I have failed.  And, that’s the last thing.  Those successfully involved in marketing (and other disciplines associated with schools) have failed as often as they have succeeded.  I have learned to embrace my failures; learn from them, review and go forward armed with that experience to hopefully avoid further pitfalls where possible. Have you?

What Are The Skills Required For A Teacher Of Product Design?

Product DesignI have just answered a question on a forum I use whereby a colleague has asked what, exactly, are the skills required for a teacher of Product Design?  As someone who has taught and worked with Schools & a few Universities over 27 years delivering Product Design (and has now moved on into a consultancy capacity) I felt I could offer some thoughts based on reasonable experience.

For me, the key skills (in no particular order) are:

  • The ability to sketch with a pencil/biro on paper for me is the most important. You don’t have to be a ‘brilliant sketcher (some are, some aren’t…) but a picture really does paint a thousand words. Convey your ideas freely and spontaneously in the first instance. You can then sieve through all the ‘reality’ checks regarding manufacture, costs, health and safety etc. as you develop your concepts and ideas.
  • Modelling/prototyping and manufacture is vital.  Forget any CAM at this stage but having basic key making skills across a range of resistant (woods, metals, plastics) and compliant (paper, card, clay) materials is a requirement of the job, not incidental.
  • Don’t have a fear about the latest CAD/CAM software or latest technology. Be aware of it, have a grasp of what it can do for you then look to use part of your team to apply the bits you need. Don’t expect to be a knowledgeable user on everything.  Know what you want and drag the resources (human and other…) towards your goal. You will have skills in one or two areas but invariably as a product designer you will be, re-wording a well-known phrase slightly, ‘Jack of all trades, master of one or two possibly…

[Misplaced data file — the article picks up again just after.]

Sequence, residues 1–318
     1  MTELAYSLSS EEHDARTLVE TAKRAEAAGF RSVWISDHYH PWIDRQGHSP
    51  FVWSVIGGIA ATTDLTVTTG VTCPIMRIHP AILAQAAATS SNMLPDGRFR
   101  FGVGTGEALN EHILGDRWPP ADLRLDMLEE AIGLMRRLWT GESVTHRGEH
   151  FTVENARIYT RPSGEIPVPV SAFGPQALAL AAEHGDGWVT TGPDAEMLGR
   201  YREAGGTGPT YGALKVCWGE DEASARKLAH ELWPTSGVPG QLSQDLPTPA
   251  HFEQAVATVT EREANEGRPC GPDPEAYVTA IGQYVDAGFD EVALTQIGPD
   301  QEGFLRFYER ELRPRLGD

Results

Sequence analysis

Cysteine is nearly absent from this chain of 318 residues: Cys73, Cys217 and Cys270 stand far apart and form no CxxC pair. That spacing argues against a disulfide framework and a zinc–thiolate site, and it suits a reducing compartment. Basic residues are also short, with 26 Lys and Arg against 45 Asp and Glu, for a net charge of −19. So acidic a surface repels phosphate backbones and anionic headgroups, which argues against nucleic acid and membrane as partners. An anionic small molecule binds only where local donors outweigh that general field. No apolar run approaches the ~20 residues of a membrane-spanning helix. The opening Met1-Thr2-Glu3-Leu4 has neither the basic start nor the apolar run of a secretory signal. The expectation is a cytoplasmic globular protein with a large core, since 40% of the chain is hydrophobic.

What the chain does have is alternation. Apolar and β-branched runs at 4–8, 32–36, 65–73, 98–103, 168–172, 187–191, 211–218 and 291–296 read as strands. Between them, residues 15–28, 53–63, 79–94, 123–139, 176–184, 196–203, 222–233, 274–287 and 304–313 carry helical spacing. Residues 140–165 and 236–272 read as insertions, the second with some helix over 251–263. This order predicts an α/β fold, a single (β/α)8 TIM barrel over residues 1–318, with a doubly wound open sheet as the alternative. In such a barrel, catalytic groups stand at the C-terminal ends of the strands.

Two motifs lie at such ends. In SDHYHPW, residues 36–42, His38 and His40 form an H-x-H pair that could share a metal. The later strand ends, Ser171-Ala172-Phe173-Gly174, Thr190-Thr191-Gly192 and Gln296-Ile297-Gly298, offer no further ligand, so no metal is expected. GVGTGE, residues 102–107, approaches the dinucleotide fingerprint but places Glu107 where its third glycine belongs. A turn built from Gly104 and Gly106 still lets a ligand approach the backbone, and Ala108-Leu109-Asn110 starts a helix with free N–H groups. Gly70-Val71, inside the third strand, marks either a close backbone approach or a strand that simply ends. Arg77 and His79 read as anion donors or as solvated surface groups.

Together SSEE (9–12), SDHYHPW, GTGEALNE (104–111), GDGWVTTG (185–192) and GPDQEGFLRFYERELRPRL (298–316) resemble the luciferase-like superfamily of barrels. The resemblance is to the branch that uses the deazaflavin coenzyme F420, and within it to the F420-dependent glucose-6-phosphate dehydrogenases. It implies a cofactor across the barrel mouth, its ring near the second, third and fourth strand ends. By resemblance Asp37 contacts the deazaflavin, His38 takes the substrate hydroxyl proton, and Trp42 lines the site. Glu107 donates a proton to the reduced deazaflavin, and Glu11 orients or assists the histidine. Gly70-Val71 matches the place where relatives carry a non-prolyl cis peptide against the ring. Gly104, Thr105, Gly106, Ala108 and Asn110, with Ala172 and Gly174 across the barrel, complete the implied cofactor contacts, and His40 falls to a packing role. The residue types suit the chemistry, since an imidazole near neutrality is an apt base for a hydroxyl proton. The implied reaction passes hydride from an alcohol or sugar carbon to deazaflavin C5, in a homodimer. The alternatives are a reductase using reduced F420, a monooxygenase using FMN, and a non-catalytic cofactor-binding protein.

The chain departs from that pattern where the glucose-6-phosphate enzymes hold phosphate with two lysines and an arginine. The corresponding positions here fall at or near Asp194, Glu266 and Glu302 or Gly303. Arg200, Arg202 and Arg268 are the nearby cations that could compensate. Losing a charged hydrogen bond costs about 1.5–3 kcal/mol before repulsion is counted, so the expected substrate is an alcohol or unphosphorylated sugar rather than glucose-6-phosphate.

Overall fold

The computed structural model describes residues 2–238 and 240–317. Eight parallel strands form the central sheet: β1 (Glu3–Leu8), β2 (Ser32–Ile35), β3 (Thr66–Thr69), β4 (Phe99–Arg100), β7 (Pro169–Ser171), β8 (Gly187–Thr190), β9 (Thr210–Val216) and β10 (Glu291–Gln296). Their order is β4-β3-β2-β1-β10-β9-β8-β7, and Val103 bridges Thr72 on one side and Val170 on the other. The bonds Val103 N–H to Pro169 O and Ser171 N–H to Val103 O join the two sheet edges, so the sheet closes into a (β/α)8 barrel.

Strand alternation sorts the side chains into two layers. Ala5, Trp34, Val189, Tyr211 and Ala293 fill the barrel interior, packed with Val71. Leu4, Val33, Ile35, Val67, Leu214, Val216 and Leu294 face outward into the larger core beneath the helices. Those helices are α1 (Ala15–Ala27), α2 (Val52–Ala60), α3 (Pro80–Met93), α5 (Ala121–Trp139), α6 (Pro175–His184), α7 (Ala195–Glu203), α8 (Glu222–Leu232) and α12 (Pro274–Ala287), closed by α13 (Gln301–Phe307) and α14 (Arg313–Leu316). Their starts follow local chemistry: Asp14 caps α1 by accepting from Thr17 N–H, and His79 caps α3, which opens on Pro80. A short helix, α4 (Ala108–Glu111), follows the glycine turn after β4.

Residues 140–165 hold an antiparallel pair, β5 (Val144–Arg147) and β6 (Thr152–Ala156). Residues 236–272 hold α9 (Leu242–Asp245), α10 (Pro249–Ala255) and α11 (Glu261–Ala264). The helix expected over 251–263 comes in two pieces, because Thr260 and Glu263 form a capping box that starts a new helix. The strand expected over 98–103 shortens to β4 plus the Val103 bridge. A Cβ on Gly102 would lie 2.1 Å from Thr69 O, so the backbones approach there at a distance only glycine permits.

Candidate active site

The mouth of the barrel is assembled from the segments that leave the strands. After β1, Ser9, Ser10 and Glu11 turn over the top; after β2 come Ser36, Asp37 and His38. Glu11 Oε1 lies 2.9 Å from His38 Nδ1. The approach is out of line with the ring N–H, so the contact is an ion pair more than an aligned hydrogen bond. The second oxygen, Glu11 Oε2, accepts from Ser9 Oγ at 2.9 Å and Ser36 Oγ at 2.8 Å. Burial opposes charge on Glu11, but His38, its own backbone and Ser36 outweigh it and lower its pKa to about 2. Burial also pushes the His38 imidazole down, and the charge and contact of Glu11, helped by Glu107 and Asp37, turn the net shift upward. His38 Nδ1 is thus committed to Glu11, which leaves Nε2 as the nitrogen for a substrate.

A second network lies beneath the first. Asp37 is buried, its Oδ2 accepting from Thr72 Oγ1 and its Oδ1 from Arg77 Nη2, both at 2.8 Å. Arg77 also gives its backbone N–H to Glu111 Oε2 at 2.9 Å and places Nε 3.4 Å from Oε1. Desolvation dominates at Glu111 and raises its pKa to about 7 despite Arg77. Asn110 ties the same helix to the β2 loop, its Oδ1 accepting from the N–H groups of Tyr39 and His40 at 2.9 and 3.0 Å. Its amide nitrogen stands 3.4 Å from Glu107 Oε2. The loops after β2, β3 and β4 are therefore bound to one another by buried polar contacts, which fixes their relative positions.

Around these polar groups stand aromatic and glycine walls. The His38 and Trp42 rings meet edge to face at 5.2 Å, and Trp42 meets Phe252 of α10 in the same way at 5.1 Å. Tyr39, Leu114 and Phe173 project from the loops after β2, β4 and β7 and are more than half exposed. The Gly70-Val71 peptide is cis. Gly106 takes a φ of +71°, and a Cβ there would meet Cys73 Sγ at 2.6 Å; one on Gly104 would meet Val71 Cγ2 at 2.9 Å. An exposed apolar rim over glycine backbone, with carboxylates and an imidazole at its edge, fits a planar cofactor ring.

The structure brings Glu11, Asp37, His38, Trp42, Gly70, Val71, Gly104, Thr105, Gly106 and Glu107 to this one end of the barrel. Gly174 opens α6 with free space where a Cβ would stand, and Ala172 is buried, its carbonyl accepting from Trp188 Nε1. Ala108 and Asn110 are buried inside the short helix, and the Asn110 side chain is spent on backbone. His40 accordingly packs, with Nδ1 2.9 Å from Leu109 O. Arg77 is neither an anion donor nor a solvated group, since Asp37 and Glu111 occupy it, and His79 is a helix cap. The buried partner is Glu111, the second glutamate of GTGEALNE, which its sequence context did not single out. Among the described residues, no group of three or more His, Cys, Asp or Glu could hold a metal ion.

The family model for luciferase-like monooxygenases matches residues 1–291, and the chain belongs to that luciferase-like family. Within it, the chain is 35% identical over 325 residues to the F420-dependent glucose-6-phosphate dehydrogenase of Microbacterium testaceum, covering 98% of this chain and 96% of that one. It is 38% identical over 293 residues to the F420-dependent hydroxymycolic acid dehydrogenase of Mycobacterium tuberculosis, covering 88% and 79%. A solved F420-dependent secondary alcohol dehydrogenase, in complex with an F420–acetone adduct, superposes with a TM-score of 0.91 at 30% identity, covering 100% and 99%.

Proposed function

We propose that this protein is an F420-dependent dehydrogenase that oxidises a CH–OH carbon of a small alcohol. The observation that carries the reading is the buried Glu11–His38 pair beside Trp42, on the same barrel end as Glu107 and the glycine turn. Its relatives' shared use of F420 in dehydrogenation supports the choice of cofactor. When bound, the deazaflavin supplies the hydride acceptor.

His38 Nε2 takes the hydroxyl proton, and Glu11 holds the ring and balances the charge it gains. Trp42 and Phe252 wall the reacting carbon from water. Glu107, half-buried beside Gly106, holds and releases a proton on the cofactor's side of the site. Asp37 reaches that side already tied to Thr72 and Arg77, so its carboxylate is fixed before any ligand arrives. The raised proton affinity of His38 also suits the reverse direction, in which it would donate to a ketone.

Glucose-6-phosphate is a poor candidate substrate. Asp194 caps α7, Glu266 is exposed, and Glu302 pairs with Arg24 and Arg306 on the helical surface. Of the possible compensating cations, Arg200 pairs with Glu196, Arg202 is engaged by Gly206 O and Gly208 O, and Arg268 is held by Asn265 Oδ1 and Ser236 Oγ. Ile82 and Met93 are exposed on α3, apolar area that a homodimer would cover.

• Take risks. Challenge the status Quo BUT be prepared to support and justify your decisions – back them up with substance.  Always ask ‘Why not?’ rather than simply ‘Why?’
  • Stay on top of communication throughout a project be it Twitter, email or phone calls. Above all else, don’t forget that ‘facemail’ i.e. talking to someone over a beer, coffee etc. is the most important part of a project and establishing a rapport with your pupils/students/clients/customers/colleagues is vital. In today’s society it is being rapidly forgotten but people skills are crucial to success.  Don’t lose them.
  • Don’t be afraid to say to a student/colleague/client simply ‘I don’t know’. On teacher training I have seen so many good practitioners trip and stumble by trying to pretend that they know an answer because they feel that they will lose face. Don’t. Be honest. You will get more respect that way. Admit you are unsure and then say ‘…however, let’s go and see what we can find out about this to try and get an accurate answer…’ Everyone learns then.
  • When using the World Wide Web to research things don’t just search in your own language. Use words from other cultures. I am still amazed when I see youngsters (and adults) gathering research by, for example, just typing in English words. Use French, Spanish (Mandarin or Japanese if you want to show off…). Chair/Chaise/silla, car/voiture/coche and so on. Not everyone writes their websites in English (or French or Spanish…). You open up a whole extra slice of the internet regarding idea generation by doing this.
  • Listen to your students/clients. Show an appreciation for what they are saying to you. Tease out the important bits of information. Never wade in directly and say to someone (especially a youngster) that their idea is stupid, silly or fantasy. You don’t have that right. Guide them, educate them, inspire them but never stamp on their ideas.
  • Above all else, enjoy what you do. As a teacher of design, irrespective of discipline, every day brings a new challenge and that is a wonderful way to work.